Leading With Enthusiasm

Enthusiasm can be naturally energizing and stimulating. Alternatively, it can be something that feels artificially injected into day-to-day operations dulling the desire to perform well or it can be exaggerated and dysfunctional. Whether your enthusiasm is over the top, under the middle, at the bottom or somewhere in between, it is sure to have an effect on those with whom you work.


When Brendan Rogers invited me to be a guest on The Culture of Leadership (TCoL) Podcast, where he hosts conversations that help people develop and become more confident leaders, I could not pass up the opportunity. It gave me the chance to share my ideas on a topic I feel very strongly about which is leading with enthusiasm.


Leading involves providing guidance. When it comes to guiding performance and the gamut of decisions to make things happen, there are a number of variables that can impact outcomes and which are rarely acknowledged. I call these unquantifiables. We can sense they are present, but we are not likely to directly measure them or their influence. One of these is enthusiasm.


The right amount of enthusiasm will infuse the energy of the team and not separate from it. Enthusiasm can impact focus, attentions to detail, sustained effort, engagement, and timelines among other factors.


How would you describe your enthusiasm? When I am working with team development, some team members may see themselves as being more like the Tortoise in Aesop’s fable about the Tortoise and the Hare. Tortoises are seen to have valuable qualities such as consistency of effort and focus on a goal. Some may see themselves as being more like the Hare. Hares are seen to operate at a faster rate of speed and will often encourage others to pick up the pace. Some see themselves as being a combination of both the Tortoise and the Hare. Preferences may change as task parameters change. I enjoy having members of the team identify their preferred approach and to express gratitude for the balance that having Tortoises and Hares working together brings to getting the job done. You can learn more about this way of building and leading teams in my five-star rated book called Lessons I Learned from the Tortoise, which was written to challenge people to consider mindful change.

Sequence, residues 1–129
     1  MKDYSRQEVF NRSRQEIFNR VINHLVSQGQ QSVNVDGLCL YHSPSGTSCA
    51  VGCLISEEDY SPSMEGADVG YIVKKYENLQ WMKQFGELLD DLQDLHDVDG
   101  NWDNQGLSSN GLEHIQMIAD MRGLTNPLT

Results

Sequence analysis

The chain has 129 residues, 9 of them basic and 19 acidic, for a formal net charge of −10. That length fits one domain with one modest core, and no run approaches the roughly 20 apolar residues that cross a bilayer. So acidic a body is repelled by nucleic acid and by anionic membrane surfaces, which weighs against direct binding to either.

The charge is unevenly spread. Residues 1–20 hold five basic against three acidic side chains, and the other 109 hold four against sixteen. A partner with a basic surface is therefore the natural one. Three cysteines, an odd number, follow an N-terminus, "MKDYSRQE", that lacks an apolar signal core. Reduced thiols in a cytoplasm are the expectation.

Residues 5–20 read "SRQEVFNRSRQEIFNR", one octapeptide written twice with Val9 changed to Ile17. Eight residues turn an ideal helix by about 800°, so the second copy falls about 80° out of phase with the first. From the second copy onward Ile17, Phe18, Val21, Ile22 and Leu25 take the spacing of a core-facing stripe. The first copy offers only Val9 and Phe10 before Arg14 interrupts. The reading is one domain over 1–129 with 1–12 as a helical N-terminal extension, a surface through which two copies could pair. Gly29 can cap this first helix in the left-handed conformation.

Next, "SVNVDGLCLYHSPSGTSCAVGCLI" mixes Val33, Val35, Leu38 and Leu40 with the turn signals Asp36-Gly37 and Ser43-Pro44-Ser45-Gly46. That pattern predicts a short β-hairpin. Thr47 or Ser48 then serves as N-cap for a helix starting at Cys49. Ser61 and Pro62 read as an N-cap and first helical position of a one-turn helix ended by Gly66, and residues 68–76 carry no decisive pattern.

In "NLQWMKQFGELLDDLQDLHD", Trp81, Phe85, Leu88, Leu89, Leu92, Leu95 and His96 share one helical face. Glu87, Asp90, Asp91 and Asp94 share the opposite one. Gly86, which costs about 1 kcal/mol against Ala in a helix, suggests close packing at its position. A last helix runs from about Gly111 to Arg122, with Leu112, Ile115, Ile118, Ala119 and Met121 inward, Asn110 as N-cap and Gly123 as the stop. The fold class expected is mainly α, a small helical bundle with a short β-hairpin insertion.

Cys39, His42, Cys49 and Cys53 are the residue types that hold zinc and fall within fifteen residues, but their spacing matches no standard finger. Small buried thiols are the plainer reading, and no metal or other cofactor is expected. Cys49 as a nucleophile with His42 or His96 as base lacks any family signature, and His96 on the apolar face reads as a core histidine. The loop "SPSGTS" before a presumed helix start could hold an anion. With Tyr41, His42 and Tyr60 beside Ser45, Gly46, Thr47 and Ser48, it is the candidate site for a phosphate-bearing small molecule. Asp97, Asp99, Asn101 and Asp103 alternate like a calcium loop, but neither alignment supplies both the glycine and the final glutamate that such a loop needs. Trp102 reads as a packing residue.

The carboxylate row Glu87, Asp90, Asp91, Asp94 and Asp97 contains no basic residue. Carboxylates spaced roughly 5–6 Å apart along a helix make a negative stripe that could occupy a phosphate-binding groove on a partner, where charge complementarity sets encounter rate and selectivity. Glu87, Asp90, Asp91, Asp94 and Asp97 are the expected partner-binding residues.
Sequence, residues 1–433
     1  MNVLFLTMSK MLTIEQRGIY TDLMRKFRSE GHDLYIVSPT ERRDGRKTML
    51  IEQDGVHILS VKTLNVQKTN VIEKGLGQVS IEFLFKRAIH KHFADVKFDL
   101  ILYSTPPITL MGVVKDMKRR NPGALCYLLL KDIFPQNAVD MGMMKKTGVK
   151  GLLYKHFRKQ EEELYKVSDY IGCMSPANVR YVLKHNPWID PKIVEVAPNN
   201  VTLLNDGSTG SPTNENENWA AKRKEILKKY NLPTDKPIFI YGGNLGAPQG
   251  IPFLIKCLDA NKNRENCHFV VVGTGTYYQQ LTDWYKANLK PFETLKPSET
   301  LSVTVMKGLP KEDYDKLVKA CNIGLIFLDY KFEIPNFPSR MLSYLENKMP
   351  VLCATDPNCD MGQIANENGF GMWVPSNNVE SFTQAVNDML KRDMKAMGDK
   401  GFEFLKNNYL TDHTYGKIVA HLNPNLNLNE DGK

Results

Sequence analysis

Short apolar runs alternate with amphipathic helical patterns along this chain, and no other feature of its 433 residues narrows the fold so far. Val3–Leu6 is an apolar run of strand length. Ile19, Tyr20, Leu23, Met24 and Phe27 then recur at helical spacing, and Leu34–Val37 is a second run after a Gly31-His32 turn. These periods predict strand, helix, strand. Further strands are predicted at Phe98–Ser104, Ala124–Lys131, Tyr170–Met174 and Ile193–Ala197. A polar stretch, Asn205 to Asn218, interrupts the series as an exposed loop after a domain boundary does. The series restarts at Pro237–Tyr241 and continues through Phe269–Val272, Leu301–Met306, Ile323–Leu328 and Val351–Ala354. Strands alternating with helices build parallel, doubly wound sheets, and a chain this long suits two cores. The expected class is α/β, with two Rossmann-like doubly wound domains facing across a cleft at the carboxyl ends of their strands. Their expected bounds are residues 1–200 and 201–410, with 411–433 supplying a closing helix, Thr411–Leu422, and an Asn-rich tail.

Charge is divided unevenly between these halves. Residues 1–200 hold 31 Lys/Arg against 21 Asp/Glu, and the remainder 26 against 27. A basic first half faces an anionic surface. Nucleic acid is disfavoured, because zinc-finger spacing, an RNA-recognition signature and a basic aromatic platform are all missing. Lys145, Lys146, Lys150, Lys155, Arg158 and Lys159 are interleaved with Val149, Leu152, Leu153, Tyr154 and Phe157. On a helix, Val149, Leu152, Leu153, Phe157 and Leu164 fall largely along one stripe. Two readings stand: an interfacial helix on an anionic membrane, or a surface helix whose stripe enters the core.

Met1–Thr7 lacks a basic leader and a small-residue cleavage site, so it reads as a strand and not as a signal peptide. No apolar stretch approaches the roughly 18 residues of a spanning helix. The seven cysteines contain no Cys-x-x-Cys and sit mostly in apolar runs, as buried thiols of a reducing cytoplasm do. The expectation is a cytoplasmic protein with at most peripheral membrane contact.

Does enthusiasm matter? If enthusiasm begets enthusiasm, enthusiasm becomes the energizer. We all know that every once in a while, the battery in your vehicle needs to be replaced because the energy has drained out of it completely. Let’s keep the battery working by regenerating it with enthusiasm.

The complete interview can be listened to here, on audio platforms, or watched here, on The Culture of Leadership (TCoL) YouTube channel.